Maryknoll Office for Global Concerns

Home | Contact us | Search
Our mission | MOGC publications | Staff members | Our partners | Contact us
Africa | Asia | Middle East | Latin America | United Nations |
War is not the answer | Arms control/proliferation | U.S. military programs/policies | Security | Alternatives to violence
Maryknoll Land Ethic Process | Climate change | GMOs | Water | U.S. energy policy | Earth Charter |
Trade/Investment | Foreign debt | Millennium Devel. Goals | Corporate accountability | Int'l financial institutions | Work | Economic alternatives
Indigenous peoples | Migrants | Children | Women | People with HIV/AIDS
Educational resources | Contact policymakers | Links | MOGC publications |
Subscribe | NewsNotes archive

March-April 2012

Vol. 37, No. 2


Arms Trade Treaty: Politicians sign declaration

twisted gun sculpture at UNIn December 2006, 153 governments voted at the United Nations to start work on a global Arms Trade Treaty (ATT) to regulate the trade and transfer of conventional weapons. Preparatory meetings have been held in July 2010, February and July 2011, and February 2012; the final negotiating conference will be held in July. The ATT has also been a point of discussion at UN General Assembly First Committee on Disarmament and International Security meetings, which are held annually in October. In the last few weeks, more than 125 Members of Parliament from around the world have signed the Control Arms Global Parliamentarian Declaration on the Arms Trade Treaty; the signed declaration will be presented to participants at the July 2012 conference. It is promoted by Control Arms, a global civil society alliance campaigning for a strong ATT. Excerpts from the Parliamentarian Declaration follow:

The international community stands at a crossroads in the negotiation of an Arms Trade Treaty. As democratically elected Members of Parliament worldwide, we strongly endorse and support this negotiation process, which must deliver a robust, legally binding instrument that effectively tackles the devastating consequences of armed violence and conflict around the globe.

We are concerned that the international trade in arms, when undertaken irresponsibly or diverted to illicit markets, contributes to armed conflict and armed violence. This often results in serious violations of international human rights law and international humanitarian law, internal and cross-border displacement, terrorism, organized and common crime, and the facilitation of the illicit trade in narcotics.

Moreover, it facilitates gender-based violence against women – who also disproportionately endure the indirect, longer-term consequences of armed violence. In turn, all these factors undermine peace and peace-building processes, human security, poverty reduction initiatives, and prospects for sustainable socio-economic development.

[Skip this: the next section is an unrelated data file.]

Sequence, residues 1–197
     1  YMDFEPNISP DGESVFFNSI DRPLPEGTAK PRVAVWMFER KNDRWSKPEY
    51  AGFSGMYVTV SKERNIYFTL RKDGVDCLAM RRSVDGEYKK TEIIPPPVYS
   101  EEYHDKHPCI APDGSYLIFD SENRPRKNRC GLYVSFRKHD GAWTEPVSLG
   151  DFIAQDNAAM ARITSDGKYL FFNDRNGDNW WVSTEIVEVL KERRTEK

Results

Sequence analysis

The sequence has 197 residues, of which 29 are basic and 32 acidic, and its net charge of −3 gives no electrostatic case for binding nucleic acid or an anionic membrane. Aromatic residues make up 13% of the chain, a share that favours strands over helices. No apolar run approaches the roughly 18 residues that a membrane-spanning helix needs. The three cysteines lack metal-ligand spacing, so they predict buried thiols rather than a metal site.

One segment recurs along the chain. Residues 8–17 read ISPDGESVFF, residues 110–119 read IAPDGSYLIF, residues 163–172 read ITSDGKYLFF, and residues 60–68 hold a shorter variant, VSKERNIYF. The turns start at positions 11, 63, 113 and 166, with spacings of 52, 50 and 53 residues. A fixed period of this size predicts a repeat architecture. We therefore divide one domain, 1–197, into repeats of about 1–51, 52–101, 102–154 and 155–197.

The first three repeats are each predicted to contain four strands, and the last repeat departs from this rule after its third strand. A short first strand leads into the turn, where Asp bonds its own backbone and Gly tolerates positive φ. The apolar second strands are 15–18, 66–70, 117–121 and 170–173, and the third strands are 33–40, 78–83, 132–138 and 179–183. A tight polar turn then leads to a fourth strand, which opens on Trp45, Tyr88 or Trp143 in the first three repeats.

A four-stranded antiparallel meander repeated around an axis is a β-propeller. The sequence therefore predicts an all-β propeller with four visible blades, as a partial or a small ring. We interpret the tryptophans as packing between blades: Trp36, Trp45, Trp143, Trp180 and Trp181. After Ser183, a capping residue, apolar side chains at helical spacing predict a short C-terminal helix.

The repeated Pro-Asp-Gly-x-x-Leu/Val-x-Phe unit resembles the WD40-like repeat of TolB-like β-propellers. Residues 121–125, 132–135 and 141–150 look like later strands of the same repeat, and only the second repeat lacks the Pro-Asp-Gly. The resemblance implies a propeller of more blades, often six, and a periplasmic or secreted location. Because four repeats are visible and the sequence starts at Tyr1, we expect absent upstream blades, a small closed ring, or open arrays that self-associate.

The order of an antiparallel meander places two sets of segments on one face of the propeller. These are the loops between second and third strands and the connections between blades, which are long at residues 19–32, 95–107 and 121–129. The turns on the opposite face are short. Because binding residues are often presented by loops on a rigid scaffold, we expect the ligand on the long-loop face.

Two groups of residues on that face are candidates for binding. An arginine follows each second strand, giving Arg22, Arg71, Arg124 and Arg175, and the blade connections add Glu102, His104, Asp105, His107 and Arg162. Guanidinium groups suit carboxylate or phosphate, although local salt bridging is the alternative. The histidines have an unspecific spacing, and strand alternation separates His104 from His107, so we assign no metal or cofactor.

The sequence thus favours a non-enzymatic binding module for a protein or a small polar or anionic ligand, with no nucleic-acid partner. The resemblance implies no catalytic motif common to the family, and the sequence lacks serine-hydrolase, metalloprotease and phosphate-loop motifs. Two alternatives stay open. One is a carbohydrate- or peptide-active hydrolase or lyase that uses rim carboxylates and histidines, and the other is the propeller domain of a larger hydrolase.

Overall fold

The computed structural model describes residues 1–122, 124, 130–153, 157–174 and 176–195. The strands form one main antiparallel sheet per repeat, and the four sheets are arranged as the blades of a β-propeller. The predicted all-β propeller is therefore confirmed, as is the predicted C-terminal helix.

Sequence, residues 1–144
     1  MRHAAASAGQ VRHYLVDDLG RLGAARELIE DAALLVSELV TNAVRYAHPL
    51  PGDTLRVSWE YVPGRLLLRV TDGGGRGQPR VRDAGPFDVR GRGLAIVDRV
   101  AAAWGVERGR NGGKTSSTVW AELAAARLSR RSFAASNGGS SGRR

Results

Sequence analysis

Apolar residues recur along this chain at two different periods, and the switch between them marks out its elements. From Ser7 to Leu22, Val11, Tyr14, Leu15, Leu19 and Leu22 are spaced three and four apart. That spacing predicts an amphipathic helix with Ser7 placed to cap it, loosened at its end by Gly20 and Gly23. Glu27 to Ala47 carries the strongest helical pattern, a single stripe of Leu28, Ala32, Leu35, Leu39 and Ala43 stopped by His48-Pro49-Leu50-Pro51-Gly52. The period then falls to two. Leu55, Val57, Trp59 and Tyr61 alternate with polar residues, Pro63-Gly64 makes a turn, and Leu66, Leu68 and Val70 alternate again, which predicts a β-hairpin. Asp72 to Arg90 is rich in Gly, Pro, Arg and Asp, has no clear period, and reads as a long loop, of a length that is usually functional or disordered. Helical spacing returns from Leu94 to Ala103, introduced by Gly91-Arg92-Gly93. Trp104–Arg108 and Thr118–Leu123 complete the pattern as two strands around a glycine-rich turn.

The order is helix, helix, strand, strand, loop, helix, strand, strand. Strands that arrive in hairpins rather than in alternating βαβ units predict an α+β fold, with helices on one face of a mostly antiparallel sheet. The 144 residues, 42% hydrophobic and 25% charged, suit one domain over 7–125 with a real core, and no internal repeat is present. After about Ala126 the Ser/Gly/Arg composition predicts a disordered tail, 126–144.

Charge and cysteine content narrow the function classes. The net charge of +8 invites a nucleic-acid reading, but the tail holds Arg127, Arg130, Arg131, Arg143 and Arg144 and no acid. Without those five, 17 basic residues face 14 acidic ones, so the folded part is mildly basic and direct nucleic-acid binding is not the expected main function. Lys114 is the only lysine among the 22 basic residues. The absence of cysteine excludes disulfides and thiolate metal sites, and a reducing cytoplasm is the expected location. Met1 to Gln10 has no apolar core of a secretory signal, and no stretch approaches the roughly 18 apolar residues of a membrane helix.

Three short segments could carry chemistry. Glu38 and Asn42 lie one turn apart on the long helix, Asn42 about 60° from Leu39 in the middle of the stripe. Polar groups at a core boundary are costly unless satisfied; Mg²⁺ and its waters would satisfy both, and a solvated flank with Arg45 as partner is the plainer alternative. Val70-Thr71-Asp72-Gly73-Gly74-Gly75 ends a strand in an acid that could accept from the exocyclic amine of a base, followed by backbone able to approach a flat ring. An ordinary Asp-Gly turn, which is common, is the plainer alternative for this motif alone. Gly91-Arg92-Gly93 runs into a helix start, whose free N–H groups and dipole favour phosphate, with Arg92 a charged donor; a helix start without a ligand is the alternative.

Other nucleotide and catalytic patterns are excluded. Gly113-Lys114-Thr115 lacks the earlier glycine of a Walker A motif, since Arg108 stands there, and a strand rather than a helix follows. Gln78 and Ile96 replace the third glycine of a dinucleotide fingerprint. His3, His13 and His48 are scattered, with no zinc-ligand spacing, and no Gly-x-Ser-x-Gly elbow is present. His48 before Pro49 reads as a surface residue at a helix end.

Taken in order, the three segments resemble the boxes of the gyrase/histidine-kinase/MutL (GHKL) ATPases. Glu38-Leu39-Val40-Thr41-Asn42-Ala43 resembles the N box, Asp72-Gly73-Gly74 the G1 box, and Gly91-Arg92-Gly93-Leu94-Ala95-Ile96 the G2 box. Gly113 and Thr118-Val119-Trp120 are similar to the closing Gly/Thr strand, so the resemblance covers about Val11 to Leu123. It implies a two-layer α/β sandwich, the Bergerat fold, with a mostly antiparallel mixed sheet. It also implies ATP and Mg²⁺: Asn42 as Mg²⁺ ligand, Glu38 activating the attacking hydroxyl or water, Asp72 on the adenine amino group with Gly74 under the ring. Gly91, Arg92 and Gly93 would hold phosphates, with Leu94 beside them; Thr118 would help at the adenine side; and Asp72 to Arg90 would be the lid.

… At a minimum, the ATT should establish that no international transfer of arms and ammunition will be authorized if there is a substantial risk that the weapons will be used to commit or facilitate serious violations of international human rights law or international humanitarian law, or will seriously impair poverty reduction or socio-economic development.

We also recognize that for an ATT to have proper impact, its scope must be comprehensive and include all international transfers of conventional weapons, and in particular small arms and light weapons, but also all related ammunition and equipment used to deploy potentially lethal force in military and internal security operations.

As legislators from around the world, we are not only supporters of an effective ATT, we also have a major role and responsibility in making this Treaty a meaningful reality.

As advocates we can and will continue to actively engage with our colleagues in the executive branches of government to ensure they give the ATT the priority it deserves and remain informed of the concerns that must be properly addressed therein. We will also actively advocate for ratification of the ATT in our respective countries when the ATT is in place.

As lawmakers we will draft the legislation which will give effect to the ATT in our respective countries, and will seek to ensure that any such domestic laws faithfully reflects and integrates the provisions of the Arms Trade Treaty.

As guardians of the peoples' trust we will ensure, through our oversight and accountability responsibilities, that our respective governments properly implement and enforce domestic law giving effect to the ATT. Legislation is only as good as its implementation.

We hereby call upon all of our fellow stakeholders worldwide in the negotiation of this Arms Trade Treaty to join us as we redouble our efforts, in the months ahead, to create a strong international agreement that will prevent irresponsible and illicit arms trading between countries. A robust ATT will greatly reduce the needless and massive loss of human life and livelihoods while at the same time not impeding the operation of the legitimate global arms trade as carried out with full respect for the rule of law and international standards.

Learn more about the efforts to enact the ATT on the Control Arms website.


About us | Privacy Policy | Legal  |  Contact us
© 2012 Maryknoll Office for Global Concerns